What do you do when you go through an emotionally unstable time, when you get irritated by everything because rebooting is tough, because you realized something that has been bothering you for decades or because you realized how dysfunctional you / your mother / father / best friend / someone was over the years? Lying to a fling in order to cancel an evening out is not great, but ok. Lying to your SO, trying to hide difficult times,... well that is draining and that won't help you.

    In short: I needed to know that I could fall deep during therapy, that I could let go and that I wouldn't hurt anybody but myself.

    If I hadn't felt that way, I would have been slower in recovery, I think. I have a couple of acquaintances that started therapy before me and are still in it after 5+ years, still bulimic, still with the same partner, still trying to hide it / only telling part of the story.

    So if you cannot handle being with someone: tell them and set them and yourself free. They cannot handle it? Set them free. I have huge respect for all the addicts here that are dealing wonderfully with their SOs. Sure, it's not an easy ride, sometimes it's hell, but they are dealing with it in a way that I wasn't able to (I was 21, maybe that is also something?). I have huge respect for my SO for going through it with me and dealing with my pain. He knows that I wasn't able to do that. So I am not judging if someone isn't able to deal with his or her SO. But please, don't take away your chance for a real recovery. If you have to use a lot of energy in order to hide your recovery process, you won't have that energy to put into your recovery and (healing) your relationship with yourself or your partner.
  5. ILoathePwife

    ILoathePwife Fapstronaut

    Nope. First off, it would have left me feeling like a crazy person that was imagining the problems and/or causing them herself. This is huge. Even after he told me of the PMO addiction, to this day, I'm still finding sneaky ways to blame myself. Even after years of therapy and being able to, finally, say, it's not my fault. That sounds easy but it was literally a sentence I could not say without tears, freaking out and repeating the belief that it WAS my fault. (Even though logically, I knew that was not true, it felt emotionally true.) In the last several months I've finally been able to put the nail in the, it's my fault, I somehow caused this/made it worse/wasn't good enough to fix it, coffin. It only took me seven years.

    Secondly, I don't consider that a healthy relationship in the least. How can someone keep a secret this huge and not have it have a negative effect on the relationship?

    Thirdly, I think it would hamper healing in a big way. In order to keep the secret the addict would have to continue business as usual, things like watching sex scenes in movies, taking his/her cell phone with them everywhere. It would raise more and more questions. See above.

    Finally, it would hamper healing for the SO and the relationship. In my husband's case he could not have done the healing we've done without the two of us working on this problem together. After 12 years of marriage I had a lot of anger built up. I'm having to learn new patterns too. It's not just about stopping PMO, it's about healing as a person and as a unit. For us, that has required FANOS, nonsexual cuddling, karezza, journaling and lots and lots of communication in general.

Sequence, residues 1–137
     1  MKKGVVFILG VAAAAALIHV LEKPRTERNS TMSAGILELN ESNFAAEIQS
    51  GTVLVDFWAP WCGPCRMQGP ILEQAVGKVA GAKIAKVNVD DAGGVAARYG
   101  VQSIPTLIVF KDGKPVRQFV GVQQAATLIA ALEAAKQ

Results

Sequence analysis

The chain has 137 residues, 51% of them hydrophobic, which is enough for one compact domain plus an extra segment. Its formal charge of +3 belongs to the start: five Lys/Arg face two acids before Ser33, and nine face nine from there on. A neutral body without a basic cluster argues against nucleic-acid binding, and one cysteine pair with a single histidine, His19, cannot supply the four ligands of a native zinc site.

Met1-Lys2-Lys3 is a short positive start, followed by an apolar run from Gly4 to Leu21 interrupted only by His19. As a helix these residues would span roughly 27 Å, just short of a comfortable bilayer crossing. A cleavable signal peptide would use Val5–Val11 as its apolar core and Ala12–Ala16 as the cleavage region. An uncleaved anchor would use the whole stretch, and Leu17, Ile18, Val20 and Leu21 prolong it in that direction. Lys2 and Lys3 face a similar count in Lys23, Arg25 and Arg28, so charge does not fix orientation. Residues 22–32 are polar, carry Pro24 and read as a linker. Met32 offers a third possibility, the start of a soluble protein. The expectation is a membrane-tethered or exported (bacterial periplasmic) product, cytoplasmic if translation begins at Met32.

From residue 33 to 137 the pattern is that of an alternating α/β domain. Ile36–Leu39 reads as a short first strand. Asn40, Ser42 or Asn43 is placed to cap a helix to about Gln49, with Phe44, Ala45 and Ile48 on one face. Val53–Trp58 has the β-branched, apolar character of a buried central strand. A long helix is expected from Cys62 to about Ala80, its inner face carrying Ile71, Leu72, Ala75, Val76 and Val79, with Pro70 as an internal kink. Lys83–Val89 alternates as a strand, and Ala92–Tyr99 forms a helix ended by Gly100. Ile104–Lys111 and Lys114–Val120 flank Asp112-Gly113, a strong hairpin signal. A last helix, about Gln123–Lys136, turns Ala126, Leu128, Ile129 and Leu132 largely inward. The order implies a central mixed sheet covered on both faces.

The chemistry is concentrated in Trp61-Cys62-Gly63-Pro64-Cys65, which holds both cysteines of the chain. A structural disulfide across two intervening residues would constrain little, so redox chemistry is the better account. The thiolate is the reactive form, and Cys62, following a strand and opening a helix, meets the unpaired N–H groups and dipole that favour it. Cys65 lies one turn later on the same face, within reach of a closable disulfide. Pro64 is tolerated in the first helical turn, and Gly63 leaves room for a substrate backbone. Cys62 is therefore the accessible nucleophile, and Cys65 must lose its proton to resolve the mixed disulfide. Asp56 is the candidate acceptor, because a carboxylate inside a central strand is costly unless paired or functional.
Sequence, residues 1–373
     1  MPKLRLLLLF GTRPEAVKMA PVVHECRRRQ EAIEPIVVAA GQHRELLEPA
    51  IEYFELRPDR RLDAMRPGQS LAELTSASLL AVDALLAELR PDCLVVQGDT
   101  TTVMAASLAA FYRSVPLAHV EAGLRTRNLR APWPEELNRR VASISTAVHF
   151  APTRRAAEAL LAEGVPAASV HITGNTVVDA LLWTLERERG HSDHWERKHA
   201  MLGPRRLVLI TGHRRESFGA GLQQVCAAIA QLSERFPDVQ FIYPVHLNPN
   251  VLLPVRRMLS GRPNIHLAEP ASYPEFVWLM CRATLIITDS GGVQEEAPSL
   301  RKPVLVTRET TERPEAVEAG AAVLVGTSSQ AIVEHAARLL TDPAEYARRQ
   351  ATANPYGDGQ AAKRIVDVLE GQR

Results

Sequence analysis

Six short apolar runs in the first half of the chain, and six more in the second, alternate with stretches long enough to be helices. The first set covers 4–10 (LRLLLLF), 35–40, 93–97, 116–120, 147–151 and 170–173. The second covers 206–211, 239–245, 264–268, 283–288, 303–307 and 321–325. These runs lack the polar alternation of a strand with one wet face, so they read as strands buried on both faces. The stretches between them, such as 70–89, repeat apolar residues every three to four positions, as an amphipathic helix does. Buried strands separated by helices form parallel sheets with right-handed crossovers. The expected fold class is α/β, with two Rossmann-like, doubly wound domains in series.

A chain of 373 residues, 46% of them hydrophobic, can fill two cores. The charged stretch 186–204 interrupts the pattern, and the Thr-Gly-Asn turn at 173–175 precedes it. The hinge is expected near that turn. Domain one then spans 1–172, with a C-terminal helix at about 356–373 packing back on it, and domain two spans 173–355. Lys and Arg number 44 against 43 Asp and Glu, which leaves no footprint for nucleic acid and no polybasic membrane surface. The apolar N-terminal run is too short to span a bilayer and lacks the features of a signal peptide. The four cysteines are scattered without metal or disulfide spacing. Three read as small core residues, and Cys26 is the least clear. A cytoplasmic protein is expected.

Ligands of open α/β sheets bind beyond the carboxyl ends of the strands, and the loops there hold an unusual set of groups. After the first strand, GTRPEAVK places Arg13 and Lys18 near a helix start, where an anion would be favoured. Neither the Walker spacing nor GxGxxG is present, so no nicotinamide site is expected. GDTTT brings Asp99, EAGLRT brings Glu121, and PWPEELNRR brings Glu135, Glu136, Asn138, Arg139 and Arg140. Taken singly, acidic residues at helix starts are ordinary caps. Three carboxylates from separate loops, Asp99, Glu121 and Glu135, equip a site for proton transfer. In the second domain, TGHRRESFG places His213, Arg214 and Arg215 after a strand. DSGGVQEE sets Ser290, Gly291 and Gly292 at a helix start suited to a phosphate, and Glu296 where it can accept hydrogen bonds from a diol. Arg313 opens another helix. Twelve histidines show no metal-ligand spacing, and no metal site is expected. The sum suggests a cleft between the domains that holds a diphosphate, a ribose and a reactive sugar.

Plus, let's just examine what happened. Five years of him trying to quit, unsuccessfully on his own. (Granted, NoFap didn't even exist until 4 years after I finally found out, and we only found it this year.) Then he tells me, and he's able to quit PMO, with only a handful of short-term relapses in 7 years. But it WAS NOT enough to heal him totally and our relationship was nearly dead. It wasn't until he found NoFap and stopped MO, fantasizing and objectifying that he was able to come out of the brain fog enough to start really healing our relationship. And here's the key. Even that would not have been enough if we hadn't been able to be totally honest with each other and work on our communication skills and bonding through things like FANOS and karezza. None of those tools work if you're still lying and holding back a huge secret.

    Basically, what I'm saying is, at least in our case, stopping PMO was NOT enough. And, in order to heal as individuals and change our relationship patterns, pull it out of the shitter into where it is today (much improved but still needs more work), we needed to work on this together, with total honesty.
    Last edited: Aug 27, 2016
  6. ILoathePwife

    ILoathePwife Fapstronaut

    Yes, yes, and yes. All this.
    zauvek likes this.
  7. i_wanna_get_better1

    i_wanna_get_better1 Fapstronaut

    I'll add part of my story for the quantity part.

    I kept my habit a secret from my wife while we were dating. I thought it would go away once we got married. I was disappointed when it didn't and tried to keep it a secret. All the little things I was able to hide from her while we were dating became glaringly obvious when we got married. Things got so bad that we started seeing a marriage counselor but I was determined not to disclose my secret. Of course, we made no progress. Five years into our marriage I started seeing a therapist and shortly thereafter I disclosed my secret to my wife. But I relapsed completely and turned the subjects into an "Off Limits" topic. Twelve years later (present time) my wife had enough and threatened to move out with our children. That was my wake up call I needed to try again.